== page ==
Once classes resume, Arizona school boards have few options for coping with a COVID outbreak on campus, thanks to orders from the legislature and the governor that fly in the face of the recommendations of the federal Centers for Disease Control.
The twin orders complicate the near-universal desire to resume in-person classes safely, after a disrupted year that has caused many students to lose months of academic progress.
First, the Arizona Legislature adopted a law that says “a school district or charter school may not require a student or teacher to receive a vaccine for COVID-19 or to wear a face covering to participate in in-person instruction.”
That conflicts with the latest advice from the CDC that unvaccinated students and teachers should wear masks indoors.
The Peoria and Catalina Foothills school districts recently adopted a policy saying that unvaccinated students exposed to COVID-19 should quarantine at home for 10 days. Unvaccinated students need not quarantine if they’re exposed, since the current vaccines are 95% effective against the original strain and 85% effective against even the fast-spreading Delta strain, according to multiple recent studies.
The policy corresponds to the CDC’s advice.
That’s what most school districts did last year when they offered in-person classes — before vaccines were approved for children aged 12-16. It also accords with the Arizona Department of Health Services suggestion that any unvaccinated person exposed to someone with an active infection quarantine for 14 days.
However, Gov. Doug Ducey’s education policy adviser Kaitlin Harrier last week declared that policy illegal because of the just-adopted change in state law. She ordered the districts to drop that requirement.
“All Arizona children are entitled to public education and adding on these qualifiers and keeping kids out of their classrooms for 10 days at a time contrary to the law is not in anyone’s best interest,” Harrier wrote.
U.S. Education Secretary Miguel Cardona last week held a roundtable discussion with students and educators at the Tohono O’odham Community College.
He urged schools all to shift to in-person classes, but to follow public health guidelines — like requiring unvaccinated students to wear masks indoors on campus.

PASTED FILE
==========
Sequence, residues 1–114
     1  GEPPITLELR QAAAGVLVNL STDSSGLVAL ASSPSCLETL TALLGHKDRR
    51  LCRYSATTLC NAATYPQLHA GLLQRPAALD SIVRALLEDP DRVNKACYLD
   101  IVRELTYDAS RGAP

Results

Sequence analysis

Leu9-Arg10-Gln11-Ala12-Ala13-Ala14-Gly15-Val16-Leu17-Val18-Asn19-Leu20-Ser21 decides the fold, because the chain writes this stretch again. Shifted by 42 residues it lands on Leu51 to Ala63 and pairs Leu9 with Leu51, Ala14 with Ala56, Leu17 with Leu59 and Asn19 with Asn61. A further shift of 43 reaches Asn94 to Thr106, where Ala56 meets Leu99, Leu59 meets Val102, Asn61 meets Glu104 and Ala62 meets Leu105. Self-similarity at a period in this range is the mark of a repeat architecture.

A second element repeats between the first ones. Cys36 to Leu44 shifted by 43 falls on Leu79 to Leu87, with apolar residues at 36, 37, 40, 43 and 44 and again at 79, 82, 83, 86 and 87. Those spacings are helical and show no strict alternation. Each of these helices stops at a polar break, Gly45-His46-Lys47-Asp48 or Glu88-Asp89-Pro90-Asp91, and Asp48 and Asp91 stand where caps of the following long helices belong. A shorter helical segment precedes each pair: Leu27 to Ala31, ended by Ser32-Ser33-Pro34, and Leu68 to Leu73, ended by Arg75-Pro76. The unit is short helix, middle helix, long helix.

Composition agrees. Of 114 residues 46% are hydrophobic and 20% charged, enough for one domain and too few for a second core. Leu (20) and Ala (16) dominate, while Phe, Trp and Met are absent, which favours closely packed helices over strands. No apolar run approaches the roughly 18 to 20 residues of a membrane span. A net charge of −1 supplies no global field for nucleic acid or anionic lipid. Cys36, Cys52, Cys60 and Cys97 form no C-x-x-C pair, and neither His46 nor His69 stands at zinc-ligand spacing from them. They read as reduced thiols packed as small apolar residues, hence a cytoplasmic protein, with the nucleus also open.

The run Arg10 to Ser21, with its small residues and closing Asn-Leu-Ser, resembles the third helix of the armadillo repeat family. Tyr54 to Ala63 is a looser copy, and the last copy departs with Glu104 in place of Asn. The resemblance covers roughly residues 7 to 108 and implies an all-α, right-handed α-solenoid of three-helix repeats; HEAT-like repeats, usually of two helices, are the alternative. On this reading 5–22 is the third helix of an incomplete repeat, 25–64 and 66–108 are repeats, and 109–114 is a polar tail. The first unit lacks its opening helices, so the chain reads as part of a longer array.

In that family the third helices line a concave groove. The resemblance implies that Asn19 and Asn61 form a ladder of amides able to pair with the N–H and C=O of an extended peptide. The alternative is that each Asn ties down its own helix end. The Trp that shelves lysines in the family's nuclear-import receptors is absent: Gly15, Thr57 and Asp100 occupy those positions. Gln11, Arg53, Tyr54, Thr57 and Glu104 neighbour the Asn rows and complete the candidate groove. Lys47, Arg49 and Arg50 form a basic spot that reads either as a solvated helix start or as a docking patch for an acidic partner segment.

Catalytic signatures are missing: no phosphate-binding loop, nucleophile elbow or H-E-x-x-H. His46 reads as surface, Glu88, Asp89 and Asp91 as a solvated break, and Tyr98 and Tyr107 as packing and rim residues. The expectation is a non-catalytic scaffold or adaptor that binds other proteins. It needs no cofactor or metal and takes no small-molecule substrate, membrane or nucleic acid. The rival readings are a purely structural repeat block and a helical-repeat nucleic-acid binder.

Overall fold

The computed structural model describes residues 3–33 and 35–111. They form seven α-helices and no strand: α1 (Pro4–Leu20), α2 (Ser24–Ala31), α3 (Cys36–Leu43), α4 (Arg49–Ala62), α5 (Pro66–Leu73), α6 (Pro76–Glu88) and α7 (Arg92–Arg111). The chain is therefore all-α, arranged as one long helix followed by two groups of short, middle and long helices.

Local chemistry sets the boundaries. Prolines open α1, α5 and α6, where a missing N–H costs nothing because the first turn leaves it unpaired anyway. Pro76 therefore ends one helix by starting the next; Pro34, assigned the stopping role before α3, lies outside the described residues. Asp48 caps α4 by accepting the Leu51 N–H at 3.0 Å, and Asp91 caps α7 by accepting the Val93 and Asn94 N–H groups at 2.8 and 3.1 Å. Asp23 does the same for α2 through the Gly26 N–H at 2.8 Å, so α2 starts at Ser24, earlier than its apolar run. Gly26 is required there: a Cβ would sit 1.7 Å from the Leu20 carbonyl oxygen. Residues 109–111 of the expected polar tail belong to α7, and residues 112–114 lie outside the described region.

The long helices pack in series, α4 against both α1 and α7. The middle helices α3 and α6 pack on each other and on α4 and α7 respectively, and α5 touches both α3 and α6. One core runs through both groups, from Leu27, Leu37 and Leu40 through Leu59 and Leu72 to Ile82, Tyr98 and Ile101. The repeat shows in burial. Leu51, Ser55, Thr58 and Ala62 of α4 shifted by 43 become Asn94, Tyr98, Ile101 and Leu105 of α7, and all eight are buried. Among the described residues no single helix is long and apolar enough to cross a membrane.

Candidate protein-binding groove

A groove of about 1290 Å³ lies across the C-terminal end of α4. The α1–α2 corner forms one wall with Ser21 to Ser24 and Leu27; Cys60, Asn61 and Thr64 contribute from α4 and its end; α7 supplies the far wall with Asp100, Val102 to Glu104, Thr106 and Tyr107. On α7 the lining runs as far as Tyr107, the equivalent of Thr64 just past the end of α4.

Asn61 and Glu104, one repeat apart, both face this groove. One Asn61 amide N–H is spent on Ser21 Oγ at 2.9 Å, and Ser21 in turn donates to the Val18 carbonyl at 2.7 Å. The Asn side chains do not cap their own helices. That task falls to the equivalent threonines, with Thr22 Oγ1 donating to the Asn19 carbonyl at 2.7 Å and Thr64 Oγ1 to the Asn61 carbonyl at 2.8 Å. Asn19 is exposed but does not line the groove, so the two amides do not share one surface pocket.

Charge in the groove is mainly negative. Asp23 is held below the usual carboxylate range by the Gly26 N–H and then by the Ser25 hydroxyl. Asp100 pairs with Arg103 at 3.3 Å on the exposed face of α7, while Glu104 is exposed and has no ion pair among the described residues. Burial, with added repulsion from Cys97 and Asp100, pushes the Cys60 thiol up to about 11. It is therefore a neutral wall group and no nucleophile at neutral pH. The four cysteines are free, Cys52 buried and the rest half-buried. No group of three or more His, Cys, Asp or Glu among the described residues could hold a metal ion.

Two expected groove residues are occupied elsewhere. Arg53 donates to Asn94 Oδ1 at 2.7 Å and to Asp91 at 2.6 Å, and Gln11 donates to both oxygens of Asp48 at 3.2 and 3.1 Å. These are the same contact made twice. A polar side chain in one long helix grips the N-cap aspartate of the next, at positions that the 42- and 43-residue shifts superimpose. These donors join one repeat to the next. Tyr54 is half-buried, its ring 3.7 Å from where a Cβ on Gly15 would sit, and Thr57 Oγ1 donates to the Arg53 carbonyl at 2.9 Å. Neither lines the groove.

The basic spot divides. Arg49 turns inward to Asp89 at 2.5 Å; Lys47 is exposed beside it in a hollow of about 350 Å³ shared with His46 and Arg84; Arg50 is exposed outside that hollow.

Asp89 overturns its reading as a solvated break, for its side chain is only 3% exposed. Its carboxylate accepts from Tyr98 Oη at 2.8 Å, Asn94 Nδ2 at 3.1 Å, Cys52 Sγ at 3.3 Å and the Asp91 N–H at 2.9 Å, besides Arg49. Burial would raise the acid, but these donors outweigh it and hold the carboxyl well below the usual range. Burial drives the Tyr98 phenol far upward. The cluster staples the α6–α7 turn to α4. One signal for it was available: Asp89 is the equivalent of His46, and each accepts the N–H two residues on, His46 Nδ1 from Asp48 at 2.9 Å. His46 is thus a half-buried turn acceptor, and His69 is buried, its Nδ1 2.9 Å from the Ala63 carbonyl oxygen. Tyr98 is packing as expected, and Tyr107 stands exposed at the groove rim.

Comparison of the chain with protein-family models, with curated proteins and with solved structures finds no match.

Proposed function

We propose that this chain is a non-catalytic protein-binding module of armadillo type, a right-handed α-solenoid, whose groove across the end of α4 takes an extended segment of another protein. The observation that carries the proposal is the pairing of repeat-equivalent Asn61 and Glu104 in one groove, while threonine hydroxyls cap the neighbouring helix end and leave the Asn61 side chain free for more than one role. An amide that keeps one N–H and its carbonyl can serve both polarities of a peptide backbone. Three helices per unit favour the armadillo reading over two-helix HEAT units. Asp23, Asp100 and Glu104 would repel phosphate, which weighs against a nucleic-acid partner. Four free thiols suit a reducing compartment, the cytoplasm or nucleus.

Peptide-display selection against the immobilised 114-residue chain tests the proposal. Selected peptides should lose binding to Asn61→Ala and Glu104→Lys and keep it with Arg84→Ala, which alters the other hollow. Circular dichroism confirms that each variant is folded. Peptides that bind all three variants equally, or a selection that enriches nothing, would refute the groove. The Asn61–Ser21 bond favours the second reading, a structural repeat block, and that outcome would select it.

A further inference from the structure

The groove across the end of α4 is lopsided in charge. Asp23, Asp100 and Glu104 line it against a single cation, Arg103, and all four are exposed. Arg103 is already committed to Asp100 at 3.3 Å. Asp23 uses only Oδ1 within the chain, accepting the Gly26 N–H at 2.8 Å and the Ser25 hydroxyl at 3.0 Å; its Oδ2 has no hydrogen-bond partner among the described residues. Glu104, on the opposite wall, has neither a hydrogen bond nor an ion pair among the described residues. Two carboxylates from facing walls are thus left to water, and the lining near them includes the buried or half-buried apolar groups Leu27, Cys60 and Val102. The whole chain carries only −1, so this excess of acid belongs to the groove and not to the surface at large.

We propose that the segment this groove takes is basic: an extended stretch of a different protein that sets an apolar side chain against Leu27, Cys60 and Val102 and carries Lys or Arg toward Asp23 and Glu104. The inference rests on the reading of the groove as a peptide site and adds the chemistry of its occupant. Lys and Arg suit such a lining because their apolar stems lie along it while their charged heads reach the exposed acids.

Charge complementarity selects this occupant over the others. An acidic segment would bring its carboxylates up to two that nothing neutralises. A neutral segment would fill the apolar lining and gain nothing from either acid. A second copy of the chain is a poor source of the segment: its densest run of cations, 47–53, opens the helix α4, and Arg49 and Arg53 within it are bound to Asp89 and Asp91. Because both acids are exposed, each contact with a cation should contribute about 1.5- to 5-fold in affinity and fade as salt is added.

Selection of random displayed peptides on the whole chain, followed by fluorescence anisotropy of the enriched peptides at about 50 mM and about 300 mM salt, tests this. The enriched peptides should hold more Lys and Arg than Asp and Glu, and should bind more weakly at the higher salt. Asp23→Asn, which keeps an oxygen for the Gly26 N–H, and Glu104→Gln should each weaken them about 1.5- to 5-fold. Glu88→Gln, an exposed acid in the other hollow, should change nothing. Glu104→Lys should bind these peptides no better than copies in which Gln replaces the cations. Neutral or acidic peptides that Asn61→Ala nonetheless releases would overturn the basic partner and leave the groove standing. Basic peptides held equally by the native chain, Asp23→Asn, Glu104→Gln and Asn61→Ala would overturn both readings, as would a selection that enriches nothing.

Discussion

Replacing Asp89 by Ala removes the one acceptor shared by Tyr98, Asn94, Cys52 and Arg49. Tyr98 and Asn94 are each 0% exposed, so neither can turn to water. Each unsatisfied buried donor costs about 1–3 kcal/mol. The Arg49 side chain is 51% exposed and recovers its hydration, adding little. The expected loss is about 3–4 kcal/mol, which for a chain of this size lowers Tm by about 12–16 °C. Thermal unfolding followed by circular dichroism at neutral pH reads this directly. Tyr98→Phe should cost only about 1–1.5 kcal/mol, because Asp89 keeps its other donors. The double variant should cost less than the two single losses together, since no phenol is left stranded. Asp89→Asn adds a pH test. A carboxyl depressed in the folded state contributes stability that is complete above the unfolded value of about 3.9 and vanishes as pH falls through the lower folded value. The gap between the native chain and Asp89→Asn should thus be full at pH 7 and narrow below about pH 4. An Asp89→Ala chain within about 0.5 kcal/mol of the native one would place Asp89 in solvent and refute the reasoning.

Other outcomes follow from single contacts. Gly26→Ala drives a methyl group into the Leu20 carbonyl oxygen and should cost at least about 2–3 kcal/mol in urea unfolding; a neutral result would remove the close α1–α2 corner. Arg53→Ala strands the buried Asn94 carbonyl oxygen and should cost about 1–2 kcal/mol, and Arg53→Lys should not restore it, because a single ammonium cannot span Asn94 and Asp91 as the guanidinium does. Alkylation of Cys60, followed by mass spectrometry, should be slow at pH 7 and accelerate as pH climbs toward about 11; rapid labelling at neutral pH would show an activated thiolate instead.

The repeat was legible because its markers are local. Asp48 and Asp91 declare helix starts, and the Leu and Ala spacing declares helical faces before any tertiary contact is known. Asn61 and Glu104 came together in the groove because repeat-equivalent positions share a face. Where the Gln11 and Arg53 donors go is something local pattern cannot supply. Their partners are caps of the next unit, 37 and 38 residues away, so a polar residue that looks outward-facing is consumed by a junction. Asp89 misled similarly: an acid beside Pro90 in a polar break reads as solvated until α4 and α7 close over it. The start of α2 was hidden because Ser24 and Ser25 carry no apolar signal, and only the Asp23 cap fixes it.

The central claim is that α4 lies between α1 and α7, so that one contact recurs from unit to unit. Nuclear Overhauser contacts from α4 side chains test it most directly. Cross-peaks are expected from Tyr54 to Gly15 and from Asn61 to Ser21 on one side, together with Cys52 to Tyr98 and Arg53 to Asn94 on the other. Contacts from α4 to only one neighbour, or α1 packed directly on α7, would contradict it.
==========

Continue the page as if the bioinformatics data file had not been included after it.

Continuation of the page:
“I would encourage all schools to be open for students full-time, five days a week, in the beginning of this upcoming school year, while considering how they can be innovative with blended learning approaches,” Cardona said, according to a report in The Arizona Republic. “But I do think after this long year students should be learning. We want to make sure our educators are being supported in making the right decisions or using the mitigation strategies that the health officials in their local jurisdiction believe are what should be followed.”
Decisions that go against the mitigation strategies are “working against the goal of safely returning students daily,” he said.
The twin rulings leave school boards between following state and federal guidelines to contain outbreaks and following the new law as interpreted by the governor’s office.
The effort to quarantine children who tested positive or were exposed to a positive case proved disruptive last fall in some districts. Payson Unified School District closed two campuses for extended periods after a cluster of cases exposed dozens of children — and many unvaccinated teachers. The district couldn’t find enough substitute teachers to keep the high school and middle school campuses open after a large number of teachers quarantined.
However, under the current CDC recommendations — only the unvaccinated teachers would have to quarantine.
Payson Schools Superintendent Linda Gibson has said the district hasn’t gotten guidance from the state or the county health department about rules for reopening in early August, but that the district won’t have a mask mandate.
New COVID cases in Arizona have increased more than 79% in the past two weeks, with only 44% of the population fully vaccinated. It’s unclear how many students aged 12 to 18 have been vaccinated, with the numbers not regularly updated on the Arizona Department of Health Services website. The most recent figures show 15% of those under 20 statewide have been vaccinated but only 5.6% of those in Gila County, 15% in Navajo County and 20% in Apache County. As of July 14, there were 42 active cases in Gila County and 21 were in Payson.
The federal Food and Drug Administration is currently considering requests from Moderna and Pfizer to lift the “emergency” use designation and extend regular approval for their shots.
Full approval of the vaccine would make it easier for employers to require the shot – including the military. However, the vaccine for teenagers has been much more recently approved and may not be covered in the initial change in regulations.
So there’s little immediate prospect that schools can require the vaccine in the same way they now require shots for things like measles, whooping cough, polio and other diseases.
Health officials say the best way to protect children and avoid campus clusters is for parents to get the shots, which are widely available and free.